The Winemaker Who Tells Stories
Rioja - Spain
Roberto Oliván is a rare breed among winemakers; a quiet creature, worthy of praise for his creativity, passion, and perspective. You don’t need to search long to figure out Roberto’s capabilities—his voice speaks for itself through his ambitions in the vineyard, blending style, and bottle presentation. For such a young person, he has an old soul that thrives in looking to the past. His work simply exudes originality and artistry.
Roberto Oliván is the sole face of Tentenublo, the proprietor, the grower, the cellarist. Tentenublo hails from an unexpected location in the midst of three mountain ranges—the Iberian Chain, Cantabrian Chain, and the Pyrenees. This location gives opportunity for Roberto to seek special microclimates throughout Viñaspre, a hamlet of Rioja Alavesa, for which he’s become known. He has increased the number to 22 distinct parcels ranging from 15-70 year old vines. In choosing to bottle many of these parcels separately, he’s seized the opportunity to stand apart from those in Rioja who still focus on volume blending.
The first of many inspirations come from his family where he draws a forceful connection; the Xérico line is a tribute to four previous generations of Oliván ancestors. If you align all the Xérico bottles side by side, the effect of the labels would illustrate a family tree of his ancestors in black and white photographs. His ties to generations of his family cultivating vines in Rioja ring true in the Xérico bottles. To complete the tribute, he’s opted for the Xérico wines to be blended from various parcels, as is Rioja tradition.
Artistry crosses another threshold with the eponymously named Tentenublo, his flagship wine. “Tentenublo” is a term for the ringing of bells used to defend the vines from hailstorms; the term “hailing” from some of the local Rioja villages. On these playful labels, you see images of both wide-eyed bell and cloud in full-speed cartoon chase, complete with musical notes. For any winemaker, hail is as serious as disease; a little humor from Roberto’s label easily lightens the mood.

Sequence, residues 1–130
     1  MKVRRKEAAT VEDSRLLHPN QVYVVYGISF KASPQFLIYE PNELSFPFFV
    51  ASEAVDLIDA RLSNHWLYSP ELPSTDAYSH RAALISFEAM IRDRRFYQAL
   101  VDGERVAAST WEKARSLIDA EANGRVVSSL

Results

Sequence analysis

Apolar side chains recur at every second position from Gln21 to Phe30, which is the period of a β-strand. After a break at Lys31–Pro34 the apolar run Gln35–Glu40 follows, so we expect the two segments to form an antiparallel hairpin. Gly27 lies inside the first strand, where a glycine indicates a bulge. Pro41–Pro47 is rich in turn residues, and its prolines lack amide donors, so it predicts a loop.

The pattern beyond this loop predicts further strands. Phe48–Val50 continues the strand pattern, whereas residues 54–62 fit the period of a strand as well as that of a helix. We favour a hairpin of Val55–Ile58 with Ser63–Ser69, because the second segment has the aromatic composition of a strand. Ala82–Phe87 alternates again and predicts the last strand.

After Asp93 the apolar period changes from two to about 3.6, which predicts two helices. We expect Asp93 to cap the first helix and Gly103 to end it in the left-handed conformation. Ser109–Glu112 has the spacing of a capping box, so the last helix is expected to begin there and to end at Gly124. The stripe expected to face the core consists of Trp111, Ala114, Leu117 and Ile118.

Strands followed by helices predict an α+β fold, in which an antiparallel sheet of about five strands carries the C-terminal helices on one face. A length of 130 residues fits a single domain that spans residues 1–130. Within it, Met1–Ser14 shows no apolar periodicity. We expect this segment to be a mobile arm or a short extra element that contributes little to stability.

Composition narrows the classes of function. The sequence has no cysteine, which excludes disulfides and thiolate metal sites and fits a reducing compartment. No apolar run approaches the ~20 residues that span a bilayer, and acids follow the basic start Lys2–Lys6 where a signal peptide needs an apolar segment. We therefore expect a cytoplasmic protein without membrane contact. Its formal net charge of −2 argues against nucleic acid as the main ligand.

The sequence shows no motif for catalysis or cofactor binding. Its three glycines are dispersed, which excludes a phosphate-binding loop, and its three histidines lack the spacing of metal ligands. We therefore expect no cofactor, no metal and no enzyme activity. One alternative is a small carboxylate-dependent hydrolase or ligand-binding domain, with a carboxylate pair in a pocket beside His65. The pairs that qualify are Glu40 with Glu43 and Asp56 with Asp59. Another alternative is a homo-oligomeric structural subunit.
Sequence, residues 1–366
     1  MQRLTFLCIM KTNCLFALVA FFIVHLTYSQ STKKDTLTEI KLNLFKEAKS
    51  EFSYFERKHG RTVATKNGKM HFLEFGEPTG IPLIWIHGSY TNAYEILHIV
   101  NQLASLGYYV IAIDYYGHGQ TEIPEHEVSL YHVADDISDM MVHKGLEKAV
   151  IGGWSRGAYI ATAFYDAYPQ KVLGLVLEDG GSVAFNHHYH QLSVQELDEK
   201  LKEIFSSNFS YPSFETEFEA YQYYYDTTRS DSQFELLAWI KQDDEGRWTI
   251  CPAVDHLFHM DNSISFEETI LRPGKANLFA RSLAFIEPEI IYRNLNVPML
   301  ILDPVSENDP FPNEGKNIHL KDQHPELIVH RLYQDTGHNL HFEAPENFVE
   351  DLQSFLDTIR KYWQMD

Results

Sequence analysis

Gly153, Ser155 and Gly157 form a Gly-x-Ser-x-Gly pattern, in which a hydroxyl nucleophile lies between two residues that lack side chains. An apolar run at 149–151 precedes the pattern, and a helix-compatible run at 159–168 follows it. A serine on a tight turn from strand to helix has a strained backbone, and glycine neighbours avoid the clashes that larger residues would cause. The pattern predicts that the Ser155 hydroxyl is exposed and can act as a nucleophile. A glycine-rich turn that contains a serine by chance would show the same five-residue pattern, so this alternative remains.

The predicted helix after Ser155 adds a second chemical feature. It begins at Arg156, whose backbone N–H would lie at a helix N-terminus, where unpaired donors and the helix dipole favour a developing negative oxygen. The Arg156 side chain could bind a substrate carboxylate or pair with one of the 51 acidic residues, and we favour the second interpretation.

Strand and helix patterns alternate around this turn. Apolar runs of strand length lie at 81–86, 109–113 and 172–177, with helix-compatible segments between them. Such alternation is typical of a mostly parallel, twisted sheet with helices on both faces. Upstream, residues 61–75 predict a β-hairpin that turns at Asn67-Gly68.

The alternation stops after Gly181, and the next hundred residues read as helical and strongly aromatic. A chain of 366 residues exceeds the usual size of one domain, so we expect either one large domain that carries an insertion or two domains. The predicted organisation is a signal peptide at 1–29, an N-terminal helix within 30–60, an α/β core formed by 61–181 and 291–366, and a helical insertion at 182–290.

Escondite del Ardacho—the hideaway of the Ardacho lizard—is a wine depicting the habitat of a local lizard. The presentation of the bottle is the lizard's home environment. Tissue paper encompasses the bottle, a metaphorical thicket where the lizard hides outside the vineyards. The tissue is wrapped in a straw-like twine, perhaps representing the growth of vegetation. On the neck of the bottle, tied with the twine, hangs a booklet of cards with illustrations and verbiage on the wine and on the lizard itself, inviting you to take part in the observation. After peeling away the tissue, a lizard depicted as a 19th century period character presents itself on the label. To complete the packaging, the bottle is hand-dipped in wax. Escondite del Ardacho wine takes on a new cuvée name with each vintage change, but remains a single vineyard bottling.
For Roberto, his cuvées serve more than a concept of beverage or wine—they’re an expression of artistry, telling a story, including the audience in the act. His tools are simple, using Tempranillo, Garnacha, and Viura varieties with the light-handed usage of French oak, and an even lesser usage of sulfites. Roberto’s wines present the world with a depiction of history and culture from the minuscule area of Viñaspre in Rioja.
by Brittany Marsh - the Cru - HART & CRU